A common challenge for civil site design is complying with design requirements for National and Regional restrictions to storm water runoff and water quality regulations, as well as meeting design requirements of the developer/client/customer.

By maximizing the developable area of any given site we are providing a service to the client. More development area means more revenue and thus the project "pencils out" in the eyes of the developer. Sometimes in order to achieve the "penciled out" project we must think outside of the box with regards to water quality and storm runoff. Also, not all sites have adequate public drainage systems nearby to receive the newly increased runoff from a potential site.

Some of the past projects The Olympus Group has been involved with have faced and overcame these challenges. Some of the solutions included:

Creating a project where storm water runoff is equal to or less than pre-project runoff conditions. Can help to reduce the "peak" for local storm drain systems that are inadequate.

Slows the flow rate of runoff through small depressed landscaped channels. It also cleans stormwater of suspended solids, oils, and helps with hydromodification.

Bio-swales with detention
Same as above with settling ponds for area with a greater intensity of runoff.

Bio Infiltration
Landscape areas designed to receive storm runoff. Runoff enters designated area and infiltrates through engineered soils usually several feet in thickness. What does not infiltrate into the native soils is routed via subdrains to the local storm drain system. Helps with hydromodification.

Proprietary devices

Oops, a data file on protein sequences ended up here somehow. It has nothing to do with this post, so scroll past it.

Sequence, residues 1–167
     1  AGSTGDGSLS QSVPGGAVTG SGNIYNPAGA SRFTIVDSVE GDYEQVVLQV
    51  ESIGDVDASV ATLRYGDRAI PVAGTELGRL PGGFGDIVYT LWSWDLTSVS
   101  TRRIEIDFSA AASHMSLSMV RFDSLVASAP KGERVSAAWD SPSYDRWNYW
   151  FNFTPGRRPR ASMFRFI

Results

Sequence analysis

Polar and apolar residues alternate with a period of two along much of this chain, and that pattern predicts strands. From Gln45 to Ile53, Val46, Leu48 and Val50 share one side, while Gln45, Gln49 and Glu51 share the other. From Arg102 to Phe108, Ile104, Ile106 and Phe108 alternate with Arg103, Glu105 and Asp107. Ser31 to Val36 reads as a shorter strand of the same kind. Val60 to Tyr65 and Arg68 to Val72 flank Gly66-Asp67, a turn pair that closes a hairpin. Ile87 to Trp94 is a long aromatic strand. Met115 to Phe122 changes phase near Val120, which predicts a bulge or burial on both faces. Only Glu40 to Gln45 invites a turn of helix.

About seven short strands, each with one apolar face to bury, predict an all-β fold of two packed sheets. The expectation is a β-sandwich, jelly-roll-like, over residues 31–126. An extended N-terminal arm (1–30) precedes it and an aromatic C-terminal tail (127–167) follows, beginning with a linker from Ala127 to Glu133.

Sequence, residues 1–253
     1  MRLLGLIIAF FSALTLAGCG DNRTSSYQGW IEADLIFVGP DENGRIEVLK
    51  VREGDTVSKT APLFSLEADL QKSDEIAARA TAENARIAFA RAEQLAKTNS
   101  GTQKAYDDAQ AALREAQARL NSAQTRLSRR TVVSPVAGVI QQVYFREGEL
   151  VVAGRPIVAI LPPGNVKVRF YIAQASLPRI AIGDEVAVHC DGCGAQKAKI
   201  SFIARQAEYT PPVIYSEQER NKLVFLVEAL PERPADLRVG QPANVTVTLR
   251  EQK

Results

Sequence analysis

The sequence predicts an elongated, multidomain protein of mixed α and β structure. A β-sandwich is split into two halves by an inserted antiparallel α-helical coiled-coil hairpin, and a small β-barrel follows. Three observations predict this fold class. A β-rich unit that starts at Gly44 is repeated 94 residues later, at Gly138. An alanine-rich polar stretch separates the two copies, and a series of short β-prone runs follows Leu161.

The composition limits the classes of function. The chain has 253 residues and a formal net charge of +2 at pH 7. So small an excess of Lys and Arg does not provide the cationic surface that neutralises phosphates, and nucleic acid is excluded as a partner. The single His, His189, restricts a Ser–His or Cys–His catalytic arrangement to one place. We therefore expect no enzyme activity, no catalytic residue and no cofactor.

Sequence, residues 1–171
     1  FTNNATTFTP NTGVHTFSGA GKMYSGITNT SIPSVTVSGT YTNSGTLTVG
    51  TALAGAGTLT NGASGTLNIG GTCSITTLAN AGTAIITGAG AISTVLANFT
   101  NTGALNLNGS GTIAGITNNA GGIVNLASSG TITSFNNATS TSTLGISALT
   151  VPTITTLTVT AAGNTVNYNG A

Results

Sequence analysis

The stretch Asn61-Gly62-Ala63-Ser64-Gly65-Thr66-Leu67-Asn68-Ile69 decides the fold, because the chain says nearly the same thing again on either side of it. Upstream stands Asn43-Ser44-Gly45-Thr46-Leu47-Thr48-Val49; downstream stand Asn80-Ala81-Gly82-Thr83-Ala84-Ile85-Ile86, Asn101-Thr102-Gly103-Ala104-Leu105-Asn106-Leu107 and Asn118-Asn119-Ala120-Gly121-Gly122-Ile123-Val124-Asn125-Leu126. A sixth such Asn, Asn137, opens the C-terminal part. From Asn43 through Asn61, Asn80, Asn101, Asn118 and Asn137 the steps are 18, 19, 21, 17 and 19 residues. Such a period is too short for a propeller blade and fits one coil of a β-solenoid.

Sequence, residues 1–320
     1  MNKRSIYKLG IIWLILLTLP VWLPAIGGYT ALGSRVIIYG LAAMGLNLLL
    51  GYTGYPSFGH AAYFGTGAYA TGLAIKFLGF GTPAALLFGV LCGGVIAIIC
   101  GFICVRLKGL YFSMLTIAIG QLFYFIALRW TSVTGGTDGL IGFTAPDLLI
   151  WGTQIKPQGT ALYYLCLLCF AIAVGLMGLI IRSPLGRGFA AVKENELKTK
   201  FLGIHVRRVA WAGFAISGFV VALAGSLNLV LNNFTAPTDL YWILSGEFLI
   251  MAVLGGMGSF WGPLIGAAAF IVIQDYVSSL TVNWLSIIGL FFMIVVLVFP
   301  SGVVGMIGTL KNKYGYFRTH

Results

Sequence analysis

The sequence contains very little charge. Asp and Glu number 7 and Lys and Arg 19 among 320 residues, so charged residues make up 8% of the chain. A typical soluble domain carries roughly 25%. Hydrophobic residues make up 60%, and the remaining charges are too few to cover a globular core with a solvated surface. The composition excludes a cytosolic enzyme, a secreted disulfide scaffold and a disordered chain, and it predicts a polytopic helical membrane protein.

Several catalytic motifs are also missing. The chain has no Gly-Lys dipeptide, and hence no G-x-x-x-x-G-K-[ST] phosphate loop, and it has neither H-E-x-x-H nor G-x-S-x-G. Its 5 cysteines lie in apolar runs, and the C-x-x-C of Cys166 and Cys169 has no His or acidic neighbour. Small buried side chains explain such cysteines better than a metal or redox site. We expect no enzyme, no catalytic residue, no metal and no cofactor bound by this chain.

Storm Filters and Filterra Units are utilized when higher density developments require less landscaped areas. Allowable proprietary devices vary between jurisdictions; however they are becoming increasingly more common, with pilot programs available to the developer in many cases.

Permeable Interlocking Concrete Pavers
Pavers are used in large areas such as parking lots, driveways and roadways. It reduces "heat island effect" and helps with Hydromodification, and cools runoff before it enters local streams and rivers. It replaces traditional asphalt concrete surface with brick like pavers that have "voids" around all edges. With compressive strength equal to concrete, pavers allow storm runoff to infiltrate into the engineered sub grade section. Pavers act both to treat storm water runoff, and as underground detention. Some designs include sub-drains to slowly dissipate detained water to the nearby storm drain system, or where poor soils exist.

Pictured Right - Reviewing Permeable Interlocking Concrete Paver (PICP) design and install for a planned case study. 35,000 square feet of PICP's for a new Safeway marketplace in Fair Oaks, CA. (L to R: Bill Hunt, PhD, PE, Associate Professor and Extension Specialist - Stormwater Management Division, NC State University. Chuck Taylor, General Manager, Advanced Pavement Technology - Oswego Illinois. Rich Francis, Managing Director, The Olympus Group (Fair Oaks Promenade design team member), Gene Weddell, Belgard/Old Castle - not pictured.)

The Olympus Group recognizes these important factors upfront. With help from the Architect and Developer, we will create a cohesive site plan that maximizes developable area, which also provides adequate landscape area to incorporate any of the above design features, in order to meet the needs of the specific project.